Italian for the compulsive
by Stephanie Piper
I page hopelessly through my grammar book, searching for clues to the past imperfect tense. "Italian in 32 Lessons," the title promises. Limping towards lesson 3, I've mastered "please," "thank you," and "I like walnut cake."
Somehow I feel this will not be enough.
We're off to Tuscany in April on a long-dreamed-of second honeymoon. We have maps and guidebooks and reservations at 15th-century monasteries. We have the names of unforgettable restaurants nestled in vineyards and directions to Etruscan ruins.
What we don't have is Italian. Not much, anyway. My traveling companion insists that a few arias from Cosi Fan Tutti are all we need.
I have more exacting standards. I refuse to be the sit-com American tourist, gesturing frantically as I try to explain how the rental (la macchina) collided with the ox cart.
I used to be good at languages. I used to gobble up foreign words and phrases like a Berlitz poster girl. I also used to be 13 and weigh 90 pounds.
And I used to be the pupil of Madame Perot.
Several decades and countless brain cells ago, I learned French from a small, terrifying woman named Juliette Perot. The widow of a Resistance hero, she dressed in perpetual mourning for her slain husband. She wore black suits with mauve chiffon scarves knotted at her throat, an old-fashioned watch pinned to her lapel. The mantle of teacher hung heavily on her frail shoulders, and she did not suffer fools, slackers, or schoolgirls with sloppy accents gladly.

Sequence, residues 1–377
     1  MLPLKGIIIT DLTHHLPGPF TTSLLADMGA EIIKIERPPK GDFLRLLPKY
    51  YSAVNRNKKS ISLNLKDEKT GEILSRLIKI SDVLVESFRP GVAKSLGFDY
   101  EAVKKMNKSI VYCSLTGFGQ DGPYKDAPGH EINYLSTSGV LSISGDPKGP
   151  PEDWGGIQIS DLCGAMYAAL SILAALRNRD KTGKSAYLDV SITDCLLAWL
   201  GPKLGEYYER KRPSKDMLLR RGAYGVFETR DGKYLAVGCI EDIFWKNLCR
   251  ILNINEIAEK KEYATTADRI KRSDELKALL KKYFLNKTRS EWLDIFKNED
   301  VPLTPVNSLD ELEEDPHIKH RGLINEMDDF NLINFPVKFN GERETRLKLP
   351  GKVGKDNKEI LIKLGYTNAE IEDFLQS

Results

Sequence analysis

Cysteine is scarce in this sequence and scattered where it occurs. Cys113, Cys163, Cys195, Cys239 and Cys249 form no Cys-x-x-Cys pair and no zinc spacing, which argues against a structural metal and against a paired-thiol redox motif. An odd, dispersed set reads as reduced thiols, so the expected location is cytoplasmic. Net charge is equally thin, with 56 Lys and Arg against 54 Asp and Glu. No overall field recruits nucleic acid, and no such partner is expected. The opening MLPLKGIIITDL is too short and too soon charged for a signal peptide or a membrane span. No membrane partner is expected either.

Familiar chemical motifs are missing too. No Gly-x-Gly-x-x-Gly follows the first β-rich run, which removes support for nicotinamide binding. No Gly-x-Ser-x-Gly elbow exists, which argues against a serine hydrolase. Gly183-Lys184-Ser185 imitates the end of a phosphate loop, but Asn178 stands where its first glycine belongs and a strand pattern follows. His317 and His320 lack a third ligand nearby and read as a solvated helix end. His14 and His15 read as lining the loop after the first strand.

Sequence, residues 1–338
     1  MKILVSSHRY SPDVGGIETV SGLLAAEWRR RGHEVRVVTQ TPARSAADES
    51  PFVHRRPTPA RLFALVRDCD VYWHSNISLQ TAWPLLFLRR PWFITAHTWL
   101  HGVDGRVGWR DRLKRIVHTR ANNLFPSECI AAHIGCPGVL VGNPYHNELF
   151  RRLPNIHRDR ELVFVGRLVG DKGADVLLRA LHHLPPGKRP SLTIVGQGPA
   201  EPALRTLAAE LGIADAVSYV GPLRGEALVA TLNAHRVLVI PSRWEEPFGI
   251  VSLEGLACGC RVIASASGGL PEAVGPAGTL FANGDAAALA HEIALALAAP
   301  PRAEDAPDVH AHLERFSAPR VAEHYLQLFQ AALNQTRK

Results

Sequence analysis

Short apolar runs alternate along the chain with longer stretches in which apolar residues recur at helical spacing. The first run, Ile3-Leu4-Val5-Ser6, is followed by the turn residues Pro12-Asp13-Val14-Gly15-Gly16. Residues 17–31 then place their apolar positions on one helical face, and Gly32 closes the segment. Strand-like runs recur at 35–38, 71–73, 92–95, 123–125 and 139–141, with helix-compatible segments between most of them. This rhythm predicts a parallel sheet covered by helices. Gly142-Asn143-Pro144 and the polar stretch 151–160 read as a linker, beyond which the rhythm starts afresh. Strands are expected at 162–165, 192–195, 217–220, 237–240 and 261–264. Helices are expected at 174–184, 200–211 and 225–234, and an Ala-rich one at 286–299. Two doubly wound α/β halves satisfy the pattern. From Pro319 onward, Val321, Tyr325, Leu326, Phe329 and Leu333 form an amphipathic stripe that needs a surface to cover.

There was nothing cozy or conversational about French class with Madame Perot. You learned 10 vocabulary words and two verbs every night. You learned them perfectly, because if you did not learn them perfectly, and you were called to the board to produce them, you would be treated to Madame's double-barreled stare of scorn and incredulity.
"Are you stupid," she would rap out in staccato French, "or merely lazy?"
There really wasn't a good answer to that question.
It sounds daunting, a kind of Gallic boot camp designed to inspire a life-long hatred of foreign language study. Strangely, it had the opposite effect. The liquid "R", the elusive subjunctive, became the pearls of great price I longed to possess. To know them was to inhabit the uncompromising world of Madame Perot, a world of precision, certainty, and the harmonious accord of subject and verb.
When grammar torture was over for the day, she would read to us from Verlaine or Rimbaud. All of France seemed distilled in those fluid cadences, calling to me across an ocean of irregular verbs. Each grinding drill, each memorized conjugation brought me closer. One day I would stroll through the Tuileries, chatting like a native speaker. One day I would order une Creme at a cafe in St. Germain des Pres, and no one would ever guess that I was from Chappaqua, New York.
My crash course in Italian can't hold a candle to five years with Madame, I know. And why the urgency? Even for a clueless American, the Tuscan hills will still bask in the clear April light. The ancient villages will beckon from their craggy heights. The Piero della Francescas and Giottos will still gleam on the dim church walls, and the white beans will taste the same whether I know they're called fagioli or not.
But Madame Perot haunts my dreams. Are you stupid, she asks, framed in the archway of a Renaissance palazzo, or merely lazy? I reach for the book. Her antique watch flashes on a black lapel. Eleven weeks and counting.
January 25, 2001 * Vol. 11, No. 4
© 2001 Metro Pulse